Talk therapy not your thing? Here are some other ways to help your mental health
For a range of reasons, psychotherapy or counselling might not be working for you. Here are some talk therapy alternatives that can help mental health.
It was during Covid that Joanne* discovered how well walking therapy worked for her teenage daughter Elle*.
“It’s a form of therapy that combines movement, the outdoors and psychology,” Joanne says.
“We stumbled across it because of the need for physical distancing during the pandemic.
“For Elle, it was perfect – it meant she could continue with her treatment for anxiety but she was outside, which seemed to make it easier for her, and moving around, which also seemed to help.”
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Why traditional talk therapy might not suit you
Clinical psychologist Donna Stambulich says traditional psychology and psychotherapy are “certainly effective and beneficial in many ways to many people”.
But, she notes, the reality is that for lots of reasons they don’t work for everyone.
“Some people are treatment-resistant, or not ready to talk, or they might be matched to the wrong therapist,” Donna says.
“And there’s also the current climate of long waitlists and shortages of psychologists.”
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Why alternatives to talk therapy might help
Psychologist and Headspace App mental health expert Carly Dober encourages people to explore different forms of therapy.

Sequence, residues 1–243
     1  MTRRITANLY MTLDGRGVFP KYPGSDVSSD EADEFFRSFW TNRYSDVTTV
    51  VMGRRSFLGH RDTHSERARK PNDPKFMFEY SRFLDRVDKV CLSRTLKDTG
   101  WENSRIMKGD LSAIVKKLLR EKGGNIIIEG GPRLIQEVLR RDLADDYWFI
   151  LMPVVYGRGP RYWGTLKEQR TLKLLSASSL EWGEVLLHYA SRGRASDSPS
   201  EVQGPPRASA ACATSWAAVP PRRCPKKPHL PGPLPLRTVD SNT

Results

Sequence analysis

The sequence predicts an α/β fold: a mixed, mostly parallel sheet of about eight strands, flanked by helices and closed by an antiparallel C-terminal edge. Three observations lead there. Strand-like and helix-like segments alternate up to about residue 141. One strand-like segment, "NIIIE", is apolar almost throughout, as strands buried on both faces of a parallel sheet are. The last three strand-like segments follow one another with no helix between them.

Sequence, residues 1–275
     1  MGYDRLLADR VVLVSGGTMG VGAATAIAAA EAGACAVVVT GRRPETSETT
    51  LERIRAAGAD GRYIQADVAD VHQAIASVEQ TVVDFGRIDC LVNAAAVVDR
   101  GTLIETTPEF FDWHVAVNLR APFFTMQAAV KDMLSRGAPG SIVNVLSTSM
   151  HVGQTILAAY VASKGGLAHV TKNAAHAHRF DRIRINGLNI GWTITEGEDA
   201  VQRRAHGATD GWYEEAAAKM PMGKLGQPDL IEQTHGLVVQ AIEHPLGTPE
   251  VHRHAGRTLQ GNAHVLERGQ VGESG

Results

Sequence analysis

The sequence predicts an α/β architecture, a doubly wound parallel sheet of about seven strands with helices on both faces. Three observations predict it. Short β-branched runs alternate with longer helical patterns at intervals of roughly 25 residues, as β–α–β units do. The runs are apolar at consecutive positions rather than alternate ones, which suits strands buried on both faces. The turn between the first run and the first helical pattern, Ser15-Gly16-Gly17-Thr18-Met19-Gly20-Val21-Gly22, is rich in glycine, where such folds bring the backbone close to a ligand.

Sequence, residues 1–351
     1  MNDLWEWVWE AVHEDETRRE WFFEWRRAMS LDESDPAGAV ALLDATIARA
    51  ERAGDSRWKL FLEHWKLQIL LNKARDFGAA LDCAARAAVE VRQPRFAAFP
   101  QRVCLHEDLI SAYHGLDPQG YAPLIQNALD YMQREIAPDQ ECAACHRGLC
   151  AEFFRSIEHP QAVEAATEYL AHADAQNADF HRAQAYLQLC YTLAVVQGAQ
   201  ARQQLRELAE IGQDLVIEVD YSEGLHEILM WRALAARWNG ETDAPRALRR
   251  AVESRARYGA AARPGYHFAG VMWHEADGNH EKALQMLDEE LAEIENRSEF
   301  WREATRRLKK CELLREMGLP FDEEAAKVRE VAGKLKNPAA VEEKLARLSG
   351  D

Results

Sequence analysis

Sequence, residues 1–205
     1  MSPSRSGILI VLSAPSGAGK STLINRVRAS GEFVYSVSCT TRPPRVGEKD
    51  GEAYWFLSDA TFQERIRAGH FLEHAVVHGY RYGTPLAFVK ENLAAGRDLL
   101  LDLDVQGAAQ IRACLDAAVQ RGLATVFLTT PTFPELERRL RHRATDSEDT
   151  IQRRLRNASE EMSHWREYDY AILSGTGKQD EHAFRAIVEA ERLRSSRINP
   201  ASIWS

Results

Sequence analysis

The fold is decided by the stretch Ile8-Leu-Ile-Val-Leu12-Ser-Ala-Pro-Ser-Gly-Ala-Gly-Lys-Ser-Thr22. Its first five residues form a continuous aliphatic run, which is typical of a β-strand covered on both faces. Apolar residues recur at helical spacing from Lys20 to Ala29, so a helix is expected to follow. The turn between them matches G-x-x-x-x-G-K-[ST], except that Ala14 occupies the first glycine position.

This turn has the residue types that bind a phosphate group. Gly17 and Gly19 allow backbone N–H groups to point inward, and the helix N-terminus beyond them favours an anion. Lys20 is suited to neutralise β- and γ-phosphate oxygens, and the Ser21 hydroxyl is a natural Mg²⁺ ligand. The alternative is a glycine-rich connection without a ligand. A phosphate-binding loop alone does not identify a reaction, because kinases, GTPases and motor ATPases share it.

“Try new and different things – it’s very beneficial to brain health,” Carly says.
“Particularly for young people after the pandemic, whose confidence was so impacted, there’s no harm at all in trying new things and finding different approaches which work for them.”
Carly says it’s important for people to have “a rich tapestry of interests and hobbies in their lives” that could be part of therapy.
“While maybe mindfulness, meditation, dancing or yoga may not have worked for you five years ago, there’s no harm in trying it again at different stages in your life,” she says.
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Popular talk therapy alternatives for mental health conditions
Expressive arts therapy
This includes creative outlets such as painting, drawing, dance and music.
Donna says expressive arts therapy can be a “great tool” for people who are stuck in their own head or are chronic overthinkers.
“When the hand is engaged (creating art, for example), the talk or stream of consciousness opens up and communication starts to flow,” she says.
Poetry and writing therapy
Carly describes writing as “a unique and therapeutic form of expression and creativity that in itself can be very calming”.
Studies show that working with different animals, such as dogs, horses or birds, is a good choice for some people.
By interacting with a friendly animal, people are able to build strong bonds that help in reducing stress and introducing a state of calm.
Dance (or other movement) therapy
Research suggests this type of therapy decreases depression and anxiety and increases confidence and cognitive skills.
“You’re releasing endorphins – brain chemicals that can improve your mood and leave you with a greater sense of wellbeing – whether it’s dancing or something like yoga,” Carly says.
Turns out gardening is good for more than just home-grown vegies and a nice- looking front yard – it can improve mental health too.
Not only is it soothing, studies show therapeutic gardening can help reduce stress and improve attention, particularly among older patients.
The benefit of including talk therapy alternatives in your treatment
Donna says using a combination of therapies may help people get “unstuck”.
“(And then) they’re able to come back into a therapeutic setting and make real, long-term tangible change,” she says.
She advocates doing what feels best for you.
“I’m in the business of helping people with their mental health and if that means that equine therapy or reiki is providing relief, I’m all for it,” she says.
“Whatever is working for you, keep doing that!”
Words by Liz McGrath
*Names changed at interviewees request.